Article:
It’s been over a year since Windows 11 first appeared, promising a fresh new look and improved performance for laptops everywhere. As more manufacturers release devices with the latest OS pre-installed, many wonder – should I upgrade to Windows 11, or stick with the familiar Windows 10?
In this in-depth review, we’ll explore the key pros and cons of running Windows 11 on a new laptop purchase in 2023. Looking at factors like design, speed, gaming, apps, security and more, we’ll uncover whether the upgrade is a shiny gift or a trove of hidden grime.
A Visually Striking Revamp
There’s no denying it – Windows 11 brings a major aesthetic overhaul to the traditional Windows interface. The centered Start menu and taskbar, rounded window corners, translucent mica material effects and floating widgets give the OS a slick, modern feel.
Features like Snap Layouts enable organizing apps in orderly arrangements for multitasking, while touch gestures feel intuitive, especially on 2-in-1 laptops. It’s a welcome visual refresh if you found previous versions looking stale.
Faster Performance – But Your Mileage May Vary
Microsoft promises faster boot times, increased responsiveness and better memory management with Windows 11. For the most part, these claims ring true – new laptops see noticeable improvements in baseline operations compared to Windows 10.
However, results can vary greatly depending on your specific hardware configuration. Features like Auto HDR and DirectStorage offer enhanced gaming, but require GPU and storage support. Manage expectations, and research optimization tips for your laptop’s components.
Gaming Gets a Boost, But There Are Growing Pains
For gaming enthusiasts, Windows 11 brings a bag of mixed results. Auto HDR adds rich, vivid colors to older titles, while DirectX 12 Ultimate enables higher fidelity graphics in supported games. However, some users experience crashes, bugs or performance hits on games optimized for Windows 10.
As developers update software and drivers mature post-launch, most issues should resolve. But the gaming experience still feels like a work in progress rather than a definitive upgrade currently.
The App Ecosystem Divide: Traditional Desktop vs. Microsoft Store
With Windows 11, Microsoft aims to push more users towards its revamped Microsoft Store for app downloads and purchases. But Store selection still trails the mature catalog from the traditional Windows desktop extensively.
Switching between these two disjointed sources for different apps feels cumbersome. And the inability to find certain professional-grade desktop apps like Adobe CC in the Store remains a sticking point for power users on the fence about Windows 11.
Beefed Up Security – With Some Caveats
Security sees noticeable improvements in Windows 11. Support for hardware-based virtualization, Secure Boot and the strict TPM 2.0 chip requirement help guard against malware and unauthorized access.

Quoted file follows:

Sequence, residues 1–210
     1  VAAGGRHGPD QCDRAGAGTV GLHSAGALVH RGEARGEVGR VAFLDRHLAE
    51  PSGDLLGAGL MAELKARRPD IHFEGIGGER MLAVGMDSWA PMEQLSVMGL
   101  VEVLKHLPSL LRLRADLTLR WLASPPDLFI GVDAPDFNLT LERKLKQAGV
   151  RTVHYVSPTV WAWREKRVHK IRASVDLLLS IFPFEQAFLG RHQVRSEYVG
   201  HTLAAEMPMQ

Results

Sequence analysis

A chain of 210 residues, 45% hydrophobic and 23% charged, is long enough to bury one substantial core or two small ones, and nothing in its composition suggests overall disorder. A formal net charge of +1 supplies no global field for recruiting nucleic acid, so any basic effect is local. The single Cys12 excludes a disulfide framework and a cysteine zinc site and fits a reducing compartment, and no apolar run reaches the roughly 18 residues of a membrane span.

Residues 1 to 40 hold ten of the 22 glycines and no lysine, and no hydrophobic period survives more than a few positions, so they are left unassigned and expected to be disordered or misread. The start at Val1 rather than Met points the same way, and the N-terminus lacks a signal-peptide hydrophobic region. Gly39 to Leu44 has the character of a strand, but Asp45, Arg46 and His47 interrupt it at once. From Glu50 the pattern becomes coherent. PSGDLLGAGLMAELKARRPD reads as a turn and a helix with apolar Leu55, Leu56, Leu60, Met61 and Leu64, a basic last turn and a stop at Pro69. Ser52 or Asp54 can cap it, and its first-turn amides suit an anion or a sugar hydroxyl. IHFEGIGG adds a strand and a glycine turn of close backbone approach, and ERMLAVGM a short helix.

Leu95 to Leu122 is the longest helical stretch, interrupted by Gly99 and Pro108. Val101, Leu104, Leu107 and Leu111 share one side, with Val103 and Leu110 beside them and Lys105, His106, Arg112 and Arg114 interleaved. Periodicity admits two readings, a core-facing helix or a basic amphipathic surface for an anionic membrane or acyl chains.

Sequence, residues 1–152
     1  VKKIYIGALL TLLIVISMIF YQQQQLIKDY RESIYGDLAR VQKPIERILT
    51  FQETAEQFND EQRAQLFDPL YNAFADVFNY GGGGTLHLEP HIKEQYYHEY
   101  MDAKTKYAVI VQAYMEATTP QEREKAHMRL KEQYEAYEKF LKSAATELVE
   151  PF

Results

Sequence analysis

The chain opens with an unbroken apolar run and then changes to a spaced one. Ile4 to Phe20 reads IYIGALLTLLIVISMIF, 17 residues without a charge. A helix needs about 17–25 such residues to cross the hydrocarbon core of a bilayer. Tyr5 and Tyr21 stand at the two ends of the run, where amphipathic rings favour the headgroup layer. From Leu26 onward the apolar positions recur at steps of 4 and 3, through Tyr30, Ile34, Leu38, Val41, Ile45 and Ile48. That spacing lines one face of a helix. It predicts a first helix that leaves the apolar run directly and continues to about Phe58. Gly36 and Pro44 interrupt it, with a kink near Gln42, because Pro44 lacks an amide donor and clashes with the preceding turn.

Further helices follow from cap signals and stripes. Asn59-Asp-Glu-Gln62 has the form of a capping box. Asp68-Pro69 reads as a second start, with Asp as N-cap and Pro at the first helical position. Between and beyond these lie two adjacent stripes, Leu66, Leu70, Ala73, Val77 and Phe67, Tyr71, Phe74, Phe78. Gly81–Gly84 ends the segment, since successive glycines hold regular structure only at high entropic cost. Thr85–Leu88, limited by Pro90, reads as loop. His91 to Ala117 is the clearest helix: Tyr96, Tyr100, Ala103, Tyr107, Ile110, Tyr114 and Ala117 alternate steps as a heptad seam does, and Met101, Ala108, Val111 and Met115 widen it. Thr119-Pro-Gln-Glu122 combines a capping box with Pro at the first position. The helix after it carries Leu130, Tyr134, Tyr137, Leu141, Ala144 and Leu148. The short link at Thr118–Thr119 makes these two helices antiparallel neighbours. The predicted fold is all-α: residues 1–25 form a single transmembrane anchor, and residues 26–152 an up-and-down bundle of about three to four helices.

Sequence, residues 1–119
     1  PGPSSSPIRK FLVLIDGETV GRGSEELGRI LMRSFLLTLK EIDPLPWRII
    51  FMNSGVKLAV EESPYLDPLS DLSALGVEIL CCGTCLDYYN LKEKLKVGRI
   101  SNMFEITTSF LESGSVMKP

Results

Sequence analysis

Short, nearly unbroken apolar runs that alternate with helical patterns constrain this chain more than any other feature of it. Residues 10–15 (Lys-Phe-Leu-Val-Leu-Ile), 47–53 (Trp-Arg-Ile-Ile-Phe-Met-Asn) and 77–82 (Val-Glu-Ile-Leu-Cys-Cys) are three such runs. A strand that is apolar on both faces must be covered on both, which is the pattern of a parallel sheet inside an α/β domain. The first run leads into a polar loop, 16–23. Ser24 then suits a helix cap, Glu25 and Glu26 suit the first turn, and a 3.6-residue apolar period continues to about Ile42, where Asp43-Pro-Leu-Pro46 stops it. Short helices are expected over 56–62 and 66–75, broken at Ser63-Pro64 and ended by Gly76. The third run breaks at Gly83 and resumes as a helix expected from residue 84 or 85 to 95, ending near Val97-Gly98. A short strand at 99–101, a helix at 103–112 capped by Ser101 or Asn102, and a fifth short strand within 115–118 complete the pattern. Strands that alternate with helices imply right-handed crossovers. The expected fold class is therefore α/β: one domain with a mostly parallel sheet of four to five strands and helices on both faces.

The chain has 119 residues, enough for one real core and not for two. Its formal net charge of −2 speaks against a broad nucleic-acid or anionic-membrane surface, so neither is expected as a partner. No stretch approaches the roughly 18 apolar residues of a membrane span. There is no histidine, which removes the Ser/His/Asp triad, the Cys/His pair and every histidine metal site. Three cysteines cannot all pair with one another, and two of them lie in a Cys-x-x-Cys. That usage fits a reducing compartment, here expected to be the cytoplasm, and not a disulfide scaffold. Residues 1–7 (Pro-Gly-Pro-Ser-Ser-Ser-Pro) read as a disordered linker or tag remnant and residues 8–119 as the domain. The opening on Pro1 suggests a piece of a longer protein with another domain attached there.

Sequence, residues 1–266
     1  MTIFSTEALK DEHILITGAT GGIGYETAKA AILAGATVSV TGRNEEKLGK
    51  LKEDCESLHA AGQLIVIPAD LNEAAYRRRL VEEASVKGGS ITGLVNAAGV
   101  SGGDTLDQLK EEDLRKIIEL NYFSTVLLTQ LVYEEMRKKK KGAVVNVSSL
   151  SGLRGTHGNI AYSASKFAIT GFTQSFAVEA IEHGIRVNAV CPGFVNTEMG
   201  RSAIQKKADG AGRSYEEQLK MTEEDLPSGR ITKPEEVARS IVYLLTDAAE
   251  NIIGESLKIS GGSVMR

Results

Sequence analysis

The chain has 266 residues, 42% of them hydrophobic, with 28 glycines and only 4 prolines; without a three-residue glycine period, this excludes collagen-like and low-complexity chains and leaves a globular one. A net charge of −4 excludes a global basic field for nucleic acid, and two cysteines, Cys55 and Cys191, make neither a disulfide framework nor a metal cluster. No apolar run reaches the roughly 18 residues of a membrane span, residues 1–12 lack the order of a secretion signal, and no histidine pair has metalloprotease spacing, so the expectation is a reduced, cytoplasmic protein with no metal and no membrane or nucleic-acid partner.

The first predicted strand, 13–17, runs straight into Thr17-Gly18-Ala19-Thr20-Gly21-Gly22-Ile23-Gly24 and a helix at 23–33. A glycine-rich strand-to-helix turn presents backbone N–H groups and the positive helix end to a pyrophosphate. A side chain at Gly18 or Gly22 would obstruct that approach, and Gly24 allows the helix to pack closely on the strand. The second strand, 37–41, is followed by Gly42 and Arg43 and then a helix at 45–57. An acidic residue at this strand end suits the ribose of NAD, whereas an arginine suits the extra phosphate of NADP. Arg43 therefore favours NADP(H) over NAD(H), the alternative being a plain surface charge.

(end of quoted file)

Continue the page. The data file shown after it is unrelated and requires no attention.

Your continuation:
However, this extra security comes at the cost of complexity for some users. Upgrading older devices or running exotic hardware configurations may prove difficult or impossible until firmware and driver support matures across manufacturers.
Touch Integration Still Feels Undercooked
Windows 11 introduces some welcome advancements for touchscreen integration like haptic feedback and gesture updates. But the experience still feels less cohesive than pure tablet-based operating systems like iPadOS.
The removal of certain touch gestures from Windows 10 even adds a slight learning curve. Tablet mode requires refinement to compete with the more tailored approach of iPads and Chromebooks currently dominating this space.
Should You Upgrade Your New Laptop to Windows 11?
Ultimately, deciding whether to upgrade boils down to your priorities and device specifics. Sticking with Windows 10 maintains familiarity, especially if you rely heavily on niche desktop apps unavailable in the Store. But Windows 11 brings compelling visual and performance enhancements if you value staying current.
Before upgrading, thoroughly research Windows 11 compatibility for must-have hardware components and software to avoid post-installation headaches. Also consider dual booting or testing on a secondary device to experience the pros and cons firsthand.
The Bottom Line
On new laptops built for it, Windows 11 delivers a beautiful, feature-rich iteration of the world’s most popular desktop operating system. But stubborn app ecosystem fragmentation and some lingering optimization issues still cause sporadic growing pains one year later.
Our verdict: Cautiously optimistic, with an emphasis on continued refinement. Will Windows 11 rank among Microsoft’s most beloved updates like XP